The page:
When the 737-700’s engine suffered a catastrophic failure at 32,000 feet, fragments tore into the fuselage causing an explosive depressurization of the cabin. Oxygen masks dropped down and the 149 souls onboard felt severe vibration. The aircraft yawed and began an uncontrolled roll to the left. The flight crew fought to control the aircraft.
While the first officer quickly worked through the emergency checklist, the 56-year-old captain, a former Navy fighter pilot, realized that the Philadelphia airport was best equipped to handle their emergency. Learning that a passenger had sustained critical injuries, the captain chose to make an expedited approach and landing to KPHL. Skill, judgement and a remarkable presence-of-mind enabled Captain Tammie Jo Shults to guide Southwest Airlines Flight 1380 safely back to earth. Her story became part of a long and proud history of women in aviation.
While observing Women’s History Month this month, the names of Amelia Earhart, Pancho Barnes, and Bessie Colman come easily to mind, but the achievements of many less well-known women aviators are also worth celebrating. What follows is simply a place to start…
Harriet Quimby, a successful journalist and screenwriter, became the first American woman to earn a pilot’s certificate in 1911. Her new passion led to her professional debut as a member of an aviation exhibition team that drew crowds wherever they appeared. She competed in meets and races across the country, actively promoting the economic potential of commercial aviation. On April 16, 1912, she flew a Bleriot monoplane from Dover to Calais, becoming the first woman to fly across the English Channel. Eighty years later, the US Post Office issued a commemorative stamp featuring her picture and the Bleriot monoplane along with the simple statement “Harriet Quimby: Pioneer Pilot.”
At the age of 41, a Phoenix photographer named Ruby Wine Sheldon, accepted a challenge from her coworkers and learned to fly. She became one of the organizers and a participant in the Air Race Classic. Sheldon ultimately logged over 15,000 hours during a distinguished career working for US Geological Survey, flying remote-sensing missions from Alaska to the Panama Canal. She also held the first helicopter instrument instructor certificate ever issued by the FAA. Ruby Sheldon was honored in an exhibit at the Smithsonian Air & Space Museum and was inducted into the Arizona Aviation Hall of Fame.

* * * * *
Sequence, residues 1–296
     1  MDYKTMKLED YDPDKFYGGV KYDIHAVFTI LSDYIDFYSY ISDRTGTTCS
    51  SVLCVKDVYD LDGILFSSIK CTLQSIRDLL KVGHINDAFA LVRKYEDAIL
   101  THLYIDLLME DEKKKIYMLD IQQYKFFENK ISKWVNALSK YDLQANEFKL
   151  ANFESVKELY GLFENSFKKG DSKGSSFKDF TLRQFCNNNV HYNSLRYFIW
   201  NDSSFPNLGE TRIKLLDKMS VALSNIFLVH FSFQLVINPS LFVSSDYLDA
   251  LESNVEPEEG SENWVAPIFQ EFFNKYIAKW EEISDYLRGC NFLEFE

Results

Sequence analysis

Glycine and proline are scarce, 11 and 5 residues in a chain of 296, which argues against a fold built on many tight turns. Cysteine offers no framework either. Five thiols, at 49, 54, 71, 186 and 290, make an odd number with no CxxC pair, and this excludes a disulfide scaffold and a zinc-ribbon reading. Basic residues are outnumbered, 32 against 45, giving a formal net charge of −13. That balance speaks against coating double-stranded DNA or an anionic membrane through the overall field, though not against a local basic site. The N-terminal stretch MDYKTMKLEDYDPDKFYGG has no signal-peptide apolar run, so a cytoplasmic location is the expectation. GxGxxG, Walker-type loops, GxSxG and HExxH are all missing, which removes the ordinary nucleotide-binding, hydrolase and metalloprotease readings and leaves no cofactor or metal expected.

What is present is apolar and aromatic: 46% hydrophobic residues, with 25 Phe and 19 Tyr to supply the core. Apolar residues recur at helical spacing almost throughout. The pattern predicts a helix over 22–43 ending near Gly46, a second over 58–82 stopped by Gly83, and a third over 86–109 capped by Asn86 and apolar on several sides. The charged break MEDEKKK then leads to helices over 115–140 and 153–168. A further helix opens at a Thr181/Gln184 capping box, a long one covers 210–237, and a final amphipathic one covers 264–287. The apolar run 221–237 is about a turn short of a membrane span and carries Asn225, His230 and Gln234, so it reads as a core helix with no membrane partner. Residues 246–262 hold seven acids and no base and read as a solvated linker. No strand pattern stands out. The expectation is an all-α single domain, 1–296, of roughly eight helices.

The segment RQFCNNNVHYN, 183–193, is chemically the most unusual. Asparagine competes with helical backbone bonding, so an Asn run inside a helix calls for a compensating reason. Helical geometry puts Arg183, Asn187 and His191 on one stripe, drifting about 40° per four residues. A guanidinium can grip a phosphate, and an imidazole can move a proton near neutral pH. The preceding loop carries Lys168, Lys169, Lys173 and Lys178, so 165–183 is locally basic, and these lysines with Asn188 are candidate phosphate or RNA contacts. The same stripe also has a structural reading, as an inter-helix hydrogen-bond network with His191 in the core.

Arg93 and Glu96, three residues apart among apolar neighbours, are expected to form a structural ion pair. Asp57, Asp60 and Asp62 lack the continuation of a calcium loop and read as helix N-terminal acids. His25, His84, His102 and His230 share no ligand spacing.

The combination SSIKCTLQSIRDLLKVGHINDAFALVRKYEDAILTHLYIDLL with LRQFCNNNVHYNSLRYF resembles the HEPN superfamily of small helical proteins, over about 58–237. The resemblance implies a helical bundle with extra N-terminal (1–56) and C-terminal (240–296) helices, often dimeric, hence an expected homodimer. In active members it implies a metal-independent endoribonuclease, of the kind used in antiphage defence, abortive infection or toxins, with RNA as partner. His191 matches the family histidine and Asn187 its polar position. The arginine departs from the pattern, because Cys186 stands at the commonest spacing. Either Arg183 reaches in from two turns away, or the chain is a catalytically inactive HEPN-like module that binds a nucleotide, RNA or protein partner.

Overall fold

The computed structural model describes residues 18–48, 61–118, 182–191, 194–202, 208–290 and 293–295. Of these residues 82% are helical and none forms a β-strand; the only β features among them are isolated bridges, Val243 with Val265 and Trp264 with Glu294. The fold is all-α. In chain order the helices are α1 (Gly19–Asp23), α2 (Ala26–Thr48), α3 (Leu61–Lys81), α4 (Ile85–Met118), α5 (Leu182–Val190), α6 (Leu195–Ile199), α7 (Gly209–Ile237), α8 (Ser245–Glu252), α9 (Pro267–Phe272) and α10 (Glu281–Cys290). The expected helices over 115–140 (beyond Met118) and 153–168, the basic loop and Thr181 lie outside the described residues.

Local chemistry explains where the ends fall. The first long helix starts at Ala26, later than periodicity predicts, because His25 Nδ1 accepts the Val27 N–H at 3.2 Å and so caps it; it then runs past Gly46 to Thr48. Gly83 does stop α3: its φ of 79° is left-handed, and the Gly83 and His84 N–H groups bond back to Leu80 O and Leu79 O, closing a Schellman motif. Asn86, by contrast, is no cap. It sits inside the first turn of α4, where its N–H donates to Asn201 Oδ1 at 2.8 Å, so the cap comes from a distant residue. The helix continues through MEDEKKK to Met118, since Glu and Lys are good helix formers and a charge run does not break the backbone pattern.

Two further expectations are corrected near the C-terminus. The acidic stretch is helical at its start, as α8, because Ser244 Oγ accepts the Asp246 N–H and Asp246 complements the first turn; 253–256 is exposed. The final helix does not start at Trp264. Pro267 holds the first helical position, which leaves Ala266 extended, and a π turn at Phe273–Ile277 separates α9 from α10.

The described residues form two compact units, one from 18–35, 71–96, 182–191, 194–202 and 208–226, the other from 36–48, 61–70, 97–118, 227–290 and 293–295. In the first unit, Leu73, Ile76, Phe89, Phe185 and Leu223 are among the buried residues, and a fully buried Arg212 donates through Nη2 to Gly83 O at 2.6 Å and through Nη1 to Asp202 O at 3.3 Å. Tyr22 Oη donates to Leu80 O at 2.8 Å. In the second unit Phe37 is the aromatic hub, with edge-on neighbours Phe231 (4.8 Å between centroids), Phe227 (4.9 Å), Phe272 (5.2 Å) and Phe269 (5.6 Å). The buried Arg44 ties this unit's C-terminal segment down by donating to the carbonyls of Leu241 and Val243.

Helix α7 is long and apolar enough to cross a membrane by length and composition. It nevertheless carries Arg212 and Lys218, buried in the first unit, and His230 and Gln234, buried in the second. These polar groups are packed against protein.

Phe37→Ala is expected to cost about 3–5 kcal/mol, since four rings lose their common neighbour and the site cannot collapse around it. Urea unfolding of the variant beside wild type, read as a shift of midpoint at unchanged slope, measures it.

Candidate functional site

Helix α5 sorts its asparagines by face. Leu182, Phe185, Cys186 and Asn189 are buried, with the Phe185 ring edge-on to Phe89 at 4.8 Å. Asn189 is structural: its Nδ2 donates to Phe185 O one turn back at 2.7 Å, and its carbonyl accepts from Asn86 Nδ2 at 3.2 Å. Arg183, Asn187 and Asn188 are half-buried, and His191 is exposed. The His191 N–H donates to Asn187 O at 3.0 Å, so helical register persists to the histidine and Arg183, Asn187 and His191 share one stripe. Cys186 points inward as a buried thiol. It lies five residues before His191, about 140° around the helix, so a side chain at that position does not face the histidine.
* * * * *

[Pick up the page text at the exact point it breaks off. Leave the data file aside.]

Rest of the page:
In 1932, Jackie Cochran, known for audacity, force of will, and what she described as her “can’t sit still buzz,” earned her pilot’s license in three weeks, displaying a natural affinity for flight. Finding herself grounded by fog, she immediately threw herself into instrument flight training. Jackie broke records at break-neck speed, winning the Los Angeles to Cleveland Bendix Trophy in 1938 and setting a new women’s world speed record. Before the US joined WWII, she ferried American-built aircraft to Britain, becoming the first woman to fly a bomber across the Atlantic. After the war, while serving in the Air Force Reserve as a lieutenant colonel, she received three Distinguished Flying Cross awards. She became the first woman to break the sound barrier in 1953. At times referred to as the “Speed Queen,” Cochran at one time held more speed, distance, and altitude records than any other pilot in aviation history.
Thirteen-year-old Nancy Harkness Love was at Le Bourget Airport in Paris to witness Charles Lindbergh’s historic arrival. At 16, she earned her pilot’s license. By 1937 she was competing in air races and working as a test pilot, helping to develop the first tricycle landing gear. During WWII, she and Jackie Cochran formed what became the Women Airforce Service Pilots (WASP) to help transport aircraft from factories to bases. Love became certified in 19 military aircraft. She was later accorded the rank of lieutenant colonel in the US Air Force Reserve. In 2005, Love was inducted into the National Aviation Hall of Fame in Dayton, OH.
US Air Force Colonel Eileen Collins, a military flight instructor and test pilot, was selected for astronaut training in 1990 and made aviation history as the first female commander of a Space Shuttle in 1995. She has flown four shuttle missions, logging 38 days, 8 hours, and 20 minutes in space. She is one of more than 60 women who have traveled into space as astronauts/cosmonauts.
Tracy Pilurs secretly began flying lessons in 1942, logging three hours and 20 minutes before her mother found out and made her quit. It wasn’t until 1957 that she got back to serious flight training, completing her check ride in March, 1958. A few months later, she was introduced to aerobatics by Duane Cole. Among the ratings she eventually earned were ground instructor, commercial pilot, free balloon pilot, flight instructor and airframe mechanic. As a single mother of six, she participated in the Powder Puff Derby, flying a Bonanza in the coast-to-coast race in 1962 while her children enthusiastically monitored her progress on ham radios. A year later, she borrowed a clipped wing Cub and won the Women’s National Aerobatic Championship. Over a four-year period, Pilurs, with help from her children, built a Smith Miniplane in her garage and flew it to the EAA Fly-In in Rockford in 1964. She won her second aerobatic championship in the Miniplane the following year. She later wrote extensively for aviation magazines, including a monthly column in Private Pilot.